Our fishermen actively train for participation in oil spill response, and are often the first responders to a spill on the water, such as in the case of the Refugio Oil Spill of 2015. Fishermen’s local knowledge of safe boating, tides and currents is critical to spill containment. The availability of dozens of nimble, small boats make our fleet indispensable in oil response.
Currently, 2 members of CFSB are part of a year-long Task Force through the Coastal Commission on the role of “Vessels of Opportunity” (i.e, fishing boats) in the State of California’s oil spill response practices.
Our fishermen also coordinate with the Clean Seas program and the Harbor Master of Santa Barbara to stay up-to-date with gear and training. Santa Barbara’s ideal oil spill response plan calls for having at least 60 fishing boats on active call for immediate response, 24 hours a day. This ideal is a constant challenge as boats and fishermen come and go from our fleet. We are working with community partners to identify new ways to optimize fleet readiness and rapid communication lines.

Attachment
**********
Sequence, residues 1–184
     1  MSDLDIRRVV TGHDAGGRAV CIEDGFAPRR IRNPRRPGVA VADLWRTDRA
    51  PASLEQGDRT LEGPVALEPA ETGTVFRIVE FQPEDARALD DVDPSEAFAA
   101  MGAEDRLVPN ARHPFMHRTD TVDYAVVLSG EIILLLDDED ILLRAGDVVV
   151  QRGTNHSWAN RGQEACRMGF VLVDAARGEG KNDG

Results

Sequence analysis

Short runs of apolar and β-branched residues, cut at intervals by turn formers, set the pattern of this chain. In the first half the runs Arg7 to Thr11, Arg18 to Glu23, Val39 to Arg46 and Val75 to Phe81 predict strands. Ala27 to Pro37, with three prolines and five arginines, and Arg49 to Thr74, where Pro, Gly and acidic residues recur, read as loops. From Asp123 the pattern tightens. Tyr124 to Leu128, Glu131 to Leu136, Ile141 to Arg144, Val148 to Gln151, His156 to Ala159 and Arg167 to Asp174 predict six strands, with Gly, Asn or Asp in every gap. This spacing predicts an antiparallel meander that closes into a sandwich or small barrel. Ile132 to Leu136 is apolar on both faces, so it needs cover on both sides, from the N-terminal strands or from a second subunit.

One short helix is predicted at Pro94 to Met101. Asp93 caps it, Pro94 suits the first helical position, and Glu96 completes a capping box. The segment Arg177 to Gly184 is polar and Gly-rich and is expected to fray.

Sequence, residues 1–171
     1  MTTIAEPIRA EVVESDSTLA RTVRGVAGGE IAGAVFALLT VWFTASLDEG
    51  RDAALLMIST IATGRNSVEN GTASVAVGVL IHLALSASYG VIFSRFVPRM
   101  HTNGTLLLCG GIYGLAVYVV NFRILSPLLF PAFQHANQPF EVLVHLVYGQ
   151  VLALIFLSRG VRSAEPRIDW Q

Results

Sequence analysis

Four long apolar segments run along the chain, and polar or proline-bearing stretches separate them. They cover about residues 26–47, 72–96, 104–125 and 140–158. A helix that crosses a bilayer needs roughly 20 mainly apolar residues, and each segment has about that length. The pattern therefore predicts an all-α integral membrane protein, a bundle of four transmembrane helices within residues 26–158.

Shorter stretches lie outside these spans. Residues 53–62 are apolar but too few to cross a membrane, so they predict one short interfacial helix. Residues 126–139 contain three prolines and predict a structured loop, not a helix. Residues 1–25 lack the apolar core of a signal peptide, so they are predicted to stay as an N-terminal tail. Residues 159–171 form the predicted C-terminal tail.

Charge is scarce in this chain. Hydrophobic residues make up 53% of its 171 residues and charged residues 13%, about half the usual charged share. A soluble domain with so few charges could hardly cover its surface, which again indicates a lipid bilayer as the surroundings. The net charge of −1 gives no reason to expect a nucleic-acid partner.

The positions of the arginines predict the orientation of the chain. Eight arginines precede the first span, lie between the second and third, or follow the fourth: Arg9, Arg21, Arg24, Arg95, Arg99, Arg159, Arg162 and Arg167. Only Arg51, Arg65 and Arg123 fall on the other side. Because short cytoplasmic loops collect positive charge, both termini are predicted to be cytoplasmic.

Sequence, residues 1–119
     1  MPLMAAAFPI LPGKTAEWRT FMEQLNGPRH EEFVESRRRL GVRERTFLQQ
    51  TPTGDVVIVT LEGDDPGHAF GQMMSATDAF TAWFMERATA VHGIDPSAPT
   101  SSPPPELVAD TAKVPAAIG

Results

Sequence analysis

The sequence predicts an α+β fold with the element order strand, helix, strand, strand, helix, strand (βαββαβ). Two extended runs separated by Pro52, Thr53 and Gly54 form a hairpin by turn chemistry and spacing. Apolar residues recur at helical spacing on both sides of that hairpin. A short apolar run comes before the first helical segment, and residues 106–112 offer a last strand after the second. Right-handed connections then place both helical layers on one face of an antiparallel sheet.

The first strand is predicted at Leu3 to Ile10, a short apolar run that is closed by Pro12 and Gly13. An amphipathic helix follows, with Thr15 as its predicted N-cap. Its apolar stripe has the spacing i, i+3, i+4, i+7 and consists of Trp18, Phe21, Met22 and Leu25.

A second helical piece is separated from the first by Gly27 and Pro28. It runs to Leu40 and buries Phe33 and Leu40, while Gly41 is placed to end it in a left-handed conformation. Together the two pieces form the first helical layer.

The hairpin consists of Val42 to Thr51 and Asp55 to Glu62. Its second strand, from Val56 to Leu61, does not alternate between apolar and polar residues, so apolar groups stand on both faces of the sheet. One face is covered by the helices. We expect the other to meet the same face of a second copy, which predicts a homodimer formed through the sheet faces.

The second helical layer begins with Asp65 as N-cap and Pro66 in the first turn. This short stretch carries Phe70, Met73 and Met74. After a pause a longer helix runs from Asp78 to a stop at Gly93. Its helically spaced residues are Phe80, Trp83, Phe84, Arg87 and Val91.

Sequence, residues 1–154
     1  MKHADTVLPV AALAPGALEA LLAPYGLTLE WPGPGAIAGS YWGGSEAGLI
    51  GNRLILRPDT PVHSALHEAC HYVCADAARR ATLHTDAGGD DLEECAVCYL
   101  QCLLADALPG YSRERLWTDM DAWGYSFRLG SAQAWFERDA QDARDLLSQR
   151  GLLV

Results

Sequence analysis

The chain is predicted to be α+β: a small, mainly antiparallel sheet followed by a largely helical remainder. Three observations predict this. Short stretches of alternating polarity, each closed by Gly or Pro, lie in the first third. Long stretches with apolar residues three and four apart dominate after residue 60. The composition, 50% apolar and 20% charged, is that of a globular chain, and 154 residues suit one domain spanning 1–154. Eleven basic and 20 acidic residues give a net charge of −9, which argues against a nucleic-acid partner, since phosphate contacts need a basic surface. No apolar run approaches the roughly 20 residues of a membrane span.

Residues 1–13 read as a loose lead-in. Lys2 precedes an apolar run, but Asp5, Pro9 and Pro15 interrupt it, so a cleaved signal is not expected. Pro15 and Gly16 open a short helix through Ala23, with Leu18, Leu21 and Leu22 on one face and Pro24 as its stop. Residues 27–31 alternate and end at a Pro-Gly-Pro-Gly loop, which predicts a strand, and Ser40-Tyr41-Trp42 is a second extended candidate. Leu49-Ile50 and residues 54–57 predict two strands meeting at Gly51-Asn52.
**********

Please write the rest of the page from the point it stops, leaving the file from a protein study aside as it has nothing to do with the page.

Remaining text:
Importantly, Clean Seas is strongly considering cutting the Fisherman's Oil Response Team program entirely in 2017, despite consensus that fishing vessels are extremely well suited as first responders for this stretch of coast. If the FORT program were to sunset, the most urgent need is to find a program and funding source to continue annual ‘hazardous waste emergency response worker training’ (CFR1910120) for next year so that fishermen are able to respond at the time of a spill.
The Refugio oil spill had a negative impact on local fisheries, both due to closure of fishing grounds and market fears that Santa Barbara Channel seafood was tainted. A Risk Assessment on Seafood Consumption released in December 2015 used lab testing of collected fishery species during the spill to confirm that there was no oil contamination of fishery species due to the oil spill.
Plains All American Pipeline set up a claims process in May 2015 for those who can document personal and/or business losses due to the oil release. In July 2015 a group of fishermen and buyers initiated a class action lawsuit.
Read the Coast Guard's May 2016 'Post Mortem' report on the Refugio Oil Spill response, with recommendations based on lessons learned.